School superintendent Patricia Ruane and several members of the school committee attended the
    meeting of the Hopedale Board of Selectmen on April 17, 2007 to discuss the problem of the leak in
    the cupola at the high school. The problem is a complex one with no easy solution. What I have here is
    a very brief summary of a fairly lengthy discussion.

    The cupola is made of copper with soldered joints, and most or all of the joints are leaking. It is above
    the elevator shaft, which is required to have a vent. It is possible that the elevator could be vented in
    another location, but that wouldn't necessarily be an inexpensive solution.  Four courses of action, with
    a number of variations, are being considered. They are:

    Reconstruct the present cupola, at an estimated cost of about $450,000.

    Replace the present cupola with a very small copper cupola at an estimated cost between $54,000
    and $70,000.

    Remove the cupola - don't replace it.. A vent would still be needed. Estimated cost - $120,000 to

    Remove the existing cupola and replace it with a fiberglass one of similar color and size. Cost -
    $120,000 to $160,000.

    The numbers above are the estimates of the company that has been studying the situation. Whatever
    course of action is decided upon, the job will have to be advertised for bids.

    Below you'll see pictures from August 2007.


The two pictures below were taken in October 2007.

    On December 30, 2018, Pat DiPietropolo‎ posted the following on the Hopedale Bulletin
    Board page on Facebook. The picture she included with her comment is similar to the
    ones on this page that show the cupola at the wastewater treatment plant.

    Was walking back near the recycling center today. Anyone know why this old
    cupola is in the sewer plant area? Shouldn’t it be preserved somewhere?

    The questions were soon followed by many comments and suggestion. Here's a link so
    you can see all of them, but of course on Facebook things like this move down, down,
    down the page, so I'm going to put several of them here. All are from Mike Ragonese.

    Looking at these pictures it seems like they just did a horizontal cut around the perimeter
    so how was it sitting on the peak or pitch of the roof. Imagine the complication in building a
    base on the peak of a roof that will fit and hold up this beast. That’s one issue. The interior
    wood frame is old and discolored but actually not rotted (yet)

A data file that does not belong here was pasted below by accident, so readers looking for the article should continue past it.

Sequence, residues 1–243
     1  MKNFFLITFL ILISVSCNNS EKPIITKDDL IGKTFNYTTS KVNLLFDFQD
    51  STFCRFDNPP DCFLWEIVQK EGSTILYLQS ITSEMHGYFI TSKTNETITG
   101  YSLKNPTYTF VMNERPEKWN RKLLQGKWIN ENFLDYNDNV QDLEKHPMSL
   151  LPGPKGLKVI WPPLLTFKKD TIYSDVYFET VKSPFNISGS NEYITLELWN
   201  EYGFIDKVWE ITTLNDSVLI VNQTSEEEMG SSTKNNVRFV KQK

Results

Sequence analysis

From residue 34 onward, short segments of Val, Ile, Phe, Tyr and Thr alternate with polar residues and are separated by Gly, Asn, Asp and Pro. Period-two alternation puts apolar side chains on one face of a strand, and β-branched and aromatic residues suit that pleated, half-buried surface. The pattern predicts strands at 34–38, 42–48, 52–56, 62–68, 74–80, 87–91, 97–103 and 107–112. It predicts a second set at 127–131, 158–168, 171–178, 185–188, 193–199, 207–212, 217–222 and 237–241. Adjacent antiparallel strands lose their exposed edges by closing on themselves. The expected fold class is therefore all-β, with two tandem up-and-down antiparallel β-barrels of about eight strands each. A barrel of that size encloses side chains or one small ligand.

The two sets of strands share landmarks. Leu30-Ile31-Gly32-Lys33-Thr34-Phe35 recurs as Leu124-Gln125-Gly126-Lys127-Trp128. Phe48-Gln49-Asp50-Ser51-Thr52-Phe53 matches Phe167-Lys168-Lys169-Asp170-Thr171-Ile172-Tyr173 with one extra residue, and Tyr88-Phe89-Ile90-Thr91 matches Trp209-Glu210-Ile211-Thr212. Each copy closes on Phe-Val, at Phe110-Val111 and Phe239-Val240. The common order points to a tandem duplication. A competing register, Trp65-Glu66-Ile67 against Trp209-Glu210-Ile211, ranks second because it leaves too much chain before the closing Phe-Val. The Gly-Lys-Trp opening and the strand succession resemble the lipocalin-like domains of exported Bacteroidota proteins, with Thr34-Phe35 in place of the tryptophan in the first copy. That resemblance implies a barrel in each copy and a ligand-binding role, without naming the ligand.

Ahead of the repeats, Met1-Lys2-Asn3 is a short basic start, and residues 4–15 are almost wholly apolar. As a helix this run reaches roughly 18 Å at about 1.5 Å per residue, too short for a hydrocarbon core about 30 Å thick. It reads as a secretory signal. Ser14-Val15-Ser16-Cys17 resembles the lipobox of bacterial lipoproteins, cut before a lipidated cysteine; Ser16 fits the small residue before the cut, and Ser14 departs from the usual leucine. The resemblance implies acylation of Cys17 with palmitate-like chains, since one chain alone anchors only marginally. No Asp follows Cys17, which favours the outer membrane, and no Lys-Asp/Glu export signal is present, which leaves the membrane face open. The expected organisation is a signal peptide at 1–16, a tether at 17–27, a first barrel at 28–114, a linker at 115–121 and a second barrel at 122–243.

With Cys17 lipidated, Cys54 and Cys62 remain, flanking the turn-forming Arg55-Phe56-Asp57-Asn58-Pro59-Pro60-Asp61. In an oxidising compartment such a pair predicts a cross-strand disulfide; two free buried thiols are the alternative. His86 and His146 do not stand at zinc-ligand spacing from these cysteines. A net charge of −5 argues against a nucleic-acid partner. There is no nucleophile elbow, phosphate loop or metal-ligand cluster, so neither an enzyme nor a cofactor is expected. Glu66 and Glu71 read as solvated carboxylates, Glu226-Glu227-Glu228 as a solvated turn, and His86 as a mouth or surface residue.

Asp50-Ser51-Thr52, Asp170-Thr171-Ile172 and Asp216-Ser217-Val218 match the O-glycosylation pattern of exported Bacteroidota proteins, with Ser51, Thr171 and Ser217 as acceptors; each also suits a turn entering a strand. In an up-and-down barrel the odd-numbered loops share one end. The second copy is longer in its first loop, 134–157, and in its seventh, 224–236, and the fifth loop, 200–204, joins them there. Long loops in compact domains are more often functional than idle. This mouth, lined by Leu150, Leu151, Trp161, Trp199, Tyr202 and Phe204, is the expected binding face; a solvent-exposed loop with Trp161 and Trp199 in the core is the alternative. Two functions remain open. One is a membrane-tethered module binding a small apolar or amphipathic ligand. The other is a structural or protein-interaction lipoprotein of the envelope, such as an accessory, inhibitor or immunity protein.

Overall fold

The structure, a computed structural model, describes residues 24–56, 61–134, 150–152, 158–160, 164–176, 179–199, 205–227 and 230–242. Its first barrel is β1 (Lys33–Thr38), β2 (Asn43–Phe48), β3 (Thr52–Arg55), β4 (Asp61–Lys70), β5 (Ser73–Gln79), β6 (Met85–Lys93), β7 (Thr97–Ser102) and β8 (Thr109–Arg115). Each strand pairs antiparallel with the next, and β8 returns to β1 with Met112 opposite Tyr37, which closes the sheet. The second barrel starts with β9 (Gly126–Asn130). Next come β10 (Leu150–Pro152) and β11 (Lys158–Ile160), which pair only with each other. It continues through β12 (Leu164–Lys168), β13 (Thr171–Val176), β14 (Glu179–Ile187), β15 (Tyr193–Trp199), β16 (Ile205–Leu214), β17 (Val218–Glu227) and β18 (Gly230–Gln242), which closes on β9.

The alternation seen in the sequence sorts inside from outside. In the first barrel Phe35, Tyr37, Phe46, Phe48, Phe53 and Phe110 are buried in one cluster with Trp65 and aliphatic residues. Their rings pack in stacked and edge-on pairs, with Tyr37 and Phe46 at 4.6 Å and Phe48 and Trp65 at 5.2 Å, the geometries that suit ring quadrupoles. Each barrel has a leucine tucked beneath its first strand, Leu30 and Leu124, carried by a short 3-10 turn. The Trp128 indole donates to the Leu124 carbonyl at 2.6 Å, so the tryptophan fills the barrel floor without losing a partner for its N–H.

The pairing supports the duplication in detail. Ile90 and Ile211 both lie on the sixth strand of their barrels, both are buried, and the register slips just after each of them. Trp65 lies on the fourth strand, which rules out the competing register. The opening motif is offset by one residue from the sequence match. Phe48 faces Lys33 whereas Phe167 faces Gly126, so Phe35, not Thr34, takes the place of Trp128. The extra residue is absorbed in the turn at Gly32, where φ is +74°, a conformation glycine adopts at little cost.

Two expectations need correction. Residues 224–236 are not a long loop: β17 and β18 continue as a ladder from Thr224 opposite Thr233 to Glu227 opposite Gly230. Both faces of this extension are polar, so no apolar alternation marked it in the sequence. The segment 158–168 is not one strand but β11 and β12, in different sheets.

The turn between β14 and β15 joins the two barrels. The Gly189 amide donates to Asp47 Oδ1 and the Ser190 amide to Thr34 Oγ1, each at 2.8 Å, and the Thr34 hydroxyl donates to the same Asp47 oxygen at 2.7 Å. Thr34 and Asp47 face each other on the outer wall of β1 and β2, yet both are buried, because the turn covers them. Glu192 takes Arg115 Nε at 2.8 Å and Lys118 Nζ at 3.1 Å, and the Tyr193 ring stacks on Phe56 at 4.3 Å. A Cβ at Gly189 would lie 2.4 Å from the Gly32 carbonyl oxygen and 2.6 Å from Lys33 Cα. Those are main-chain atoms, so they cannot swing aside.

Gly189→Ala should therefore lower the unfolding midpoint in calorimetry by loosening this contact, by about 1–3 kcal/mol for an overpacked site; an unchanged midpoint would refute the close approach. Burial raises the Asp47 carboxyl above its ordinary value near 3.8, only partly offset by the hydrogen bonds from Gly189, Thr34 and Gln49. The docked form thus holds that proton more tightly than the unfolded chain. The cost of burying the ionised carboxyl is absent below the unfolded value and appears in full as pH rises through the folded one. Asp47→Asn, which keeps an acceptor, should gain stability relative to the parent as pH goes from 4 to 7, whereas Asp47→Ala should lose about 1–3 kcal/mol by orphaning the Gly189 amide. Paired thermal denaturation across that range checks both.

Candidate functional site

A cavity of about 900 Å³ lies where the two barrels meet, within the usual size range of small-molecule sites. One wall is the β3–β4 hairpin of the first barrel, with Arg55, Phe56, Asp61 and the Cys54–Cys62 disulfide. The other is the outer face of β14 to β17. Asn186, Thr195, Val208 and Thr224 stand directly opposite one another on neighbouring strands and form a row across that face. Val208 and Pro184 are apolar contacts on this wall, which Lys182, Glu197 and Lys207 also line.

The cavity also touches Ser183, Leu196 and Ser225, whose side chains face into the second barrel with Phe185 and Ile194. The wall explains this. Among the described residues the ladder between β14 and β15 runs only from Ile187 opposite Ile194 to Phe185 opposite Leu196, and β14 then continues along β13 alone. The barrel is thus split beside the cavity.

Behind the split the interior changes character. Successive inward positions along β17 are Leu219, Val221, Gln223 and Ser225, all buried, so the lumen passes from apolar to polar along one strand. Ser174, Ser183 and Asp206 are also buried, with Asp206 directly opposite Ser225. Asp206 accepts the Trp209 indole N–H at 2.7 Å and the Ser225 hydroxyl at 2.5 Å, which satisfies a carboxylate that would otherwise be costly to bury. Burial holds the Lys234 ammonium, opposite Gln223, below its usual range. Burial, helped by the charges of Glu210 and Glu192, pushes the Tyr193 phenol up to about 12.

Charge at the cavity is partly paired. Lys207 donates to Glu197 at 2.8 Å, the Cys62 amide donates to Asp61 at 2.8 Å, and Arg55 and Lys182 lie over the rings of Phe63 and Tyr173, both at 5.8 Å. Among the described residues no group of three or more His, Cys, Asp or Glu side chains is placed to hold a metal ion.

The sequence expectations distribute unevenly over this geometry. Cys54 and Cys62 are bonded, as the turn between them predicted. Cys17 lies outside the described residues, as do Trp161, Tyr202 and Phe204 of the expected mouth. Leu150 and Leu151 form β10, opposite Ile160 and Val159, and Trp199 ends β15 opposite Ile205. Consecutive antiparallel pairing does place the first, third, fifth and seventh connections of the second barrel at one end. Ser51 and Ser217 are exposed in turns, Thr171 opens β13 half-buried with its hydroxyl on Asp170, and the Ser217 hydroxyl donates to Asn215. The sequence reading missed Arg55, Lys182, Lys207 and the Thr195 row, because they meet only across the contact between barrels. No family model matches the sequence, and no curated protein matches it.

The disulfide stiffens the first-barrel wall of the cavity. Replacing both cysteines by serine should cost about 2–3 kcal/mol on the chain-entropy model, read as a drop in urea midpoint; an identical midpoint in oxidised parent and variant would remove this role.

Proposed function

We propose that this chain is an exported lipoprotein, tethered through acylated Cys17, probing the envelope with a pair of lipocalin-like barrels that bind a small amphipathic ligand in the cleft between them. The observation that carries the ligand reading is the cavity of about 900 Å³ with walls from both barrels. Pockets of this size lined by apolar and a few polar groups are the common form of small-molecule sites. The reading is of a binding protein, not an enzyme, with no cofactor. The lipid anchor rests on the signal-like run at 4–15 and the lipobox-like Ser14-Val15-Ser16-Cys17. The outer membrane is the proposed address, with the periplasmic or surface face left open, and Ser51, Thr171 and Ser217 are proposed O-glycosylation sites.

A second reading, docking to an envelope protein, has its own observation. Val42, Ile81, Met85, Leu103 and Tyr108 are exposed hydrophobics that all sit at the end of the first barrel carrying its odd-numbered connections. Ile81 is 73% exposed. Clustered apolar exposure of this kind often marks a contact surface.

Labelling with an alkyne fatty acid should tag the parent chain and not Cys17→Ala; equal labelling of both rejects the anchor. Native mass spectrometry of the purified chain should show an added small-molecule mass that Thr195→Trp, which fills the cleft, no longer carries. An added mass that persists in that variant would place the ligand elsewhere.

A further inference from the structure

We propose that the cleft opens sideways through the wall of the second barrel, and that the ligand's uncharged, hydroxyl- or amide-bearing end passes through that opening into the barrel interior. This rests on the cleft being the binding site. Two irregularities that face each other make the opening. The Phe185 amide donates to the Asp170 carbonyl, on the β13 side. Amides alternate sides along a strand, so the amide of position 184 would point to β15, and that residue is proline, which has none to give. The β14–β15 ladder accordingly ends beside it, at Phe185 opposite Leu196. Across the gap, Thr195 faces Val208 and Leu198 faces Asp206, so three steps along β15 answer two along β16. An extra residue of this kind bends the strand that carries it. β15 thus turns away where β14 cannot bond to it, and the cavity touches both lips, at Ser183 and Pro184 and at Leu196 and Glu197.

There are only small issues with the joints in the copper and probably from moving it.

    My understanding is that the school was re-roofed when the cupola was in place. On a
    new house, it gets the shingles and step flashing and then the siding goes over the leg of
    the flashing that goes up the wall. The whole flashing thing is more complicated on a re-
    roof because it’s up under the siding so the new roof has to be woven into the flashing
    that is already in place. So imagine how that might have worked with this copper clad
    beast. As often happens, the roofing was (possibly)not married to the old flashing very well
    and that is probably why it leaked badly. It wasn’t the copper that would have caused any
    bad leaks on this cupola. The copper on something like this can be patched/repaired
    either by soldering the joint or if necessary, overlaying a patch of copper and soldering
    that patch on. When they re-roofed, they should have folded new flashing from copper
    and soldered each individual pc. onto the cupola as they proceeded up the roof. This
    would not have been something an average asphalt shingle roofer would be familiar with. It’
    s quite possible they just tried to make it work with the original flashing and that’s why it
    leaked. Just theory and we’ll never know and it’s water over the dam anyway. The sad,
    aggravating thing to me is that there doesn’t seem to have been anything major wrong
    with the copper which would mean that the wood substructure was probably in pretty good
    shape. When I felt the wood substructure in various places, I did not find any soft/rotted
    wood. That being said, this thing is OLD. the wood substructure saw many years of
    intense heat, cold, moisture, etc. under a metal skin up on a roof in the blazing heat of
    many Summers. That’s why it LOOKS really bad... but if it was kept dry by the copper skin,
    just like siding does on the wood frame of a house, the frame will do it’s job for a long long
    time. So repairable? Yes. But a complicated process for sure and complicated = $$$$. Half
    a million? NO WAY! But (and believe me, this is just a guess) probably at least a couple
    hundred thousand. It would quite possibly be impossible to find someone to take on a task
    of this nature. That’s why the price gets so high. It’s complicated. I’m not optimistic.
    Prominently displayed somewhere on the grounds of Hopedale may be the answer instead
    of just letting it turn into scrap copper.

    it’s supported off the ground by a “just good enough” set of frames that will only last so
    long. More damage may be done uprighting it and then laying it back down to move it. Just
    putting a good quality cover over it as it sits would go a long way to preserve it. Most
    “tarps” don’t last too long exposed to the sun. I’m pretty sure there are people who shrink
    wrap boats on site. That stuff lasts a while.


Thanks to artist Karen Pendleton for this drawing.